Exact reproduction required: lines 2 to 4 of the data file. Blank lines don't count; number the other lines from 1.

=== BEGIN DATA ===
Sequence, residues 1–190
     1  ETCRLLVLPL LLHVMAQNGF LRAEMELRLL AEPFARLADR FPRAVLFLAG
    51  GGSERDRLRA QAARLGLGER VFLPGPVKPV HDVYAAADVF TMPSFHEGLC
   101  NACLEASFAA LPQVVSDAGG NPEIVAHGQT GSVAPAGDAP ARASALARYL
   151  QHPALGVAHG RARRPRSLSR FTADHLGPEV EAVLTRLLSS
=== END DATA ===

     1  ETCRLLVLPL LLHVMAQNGF LRAEMELRLL AEPFARLADR FPRAVLFLAG
    51  GGSERDRLRA QAARLGLGER VFLPGPVKPV HDVYAAADVF TMPSFHEGLC
   101  NACLEASFAA LPQVVSDAGG NPEIVAHGQT GSVAPAGDAP ARASALARYL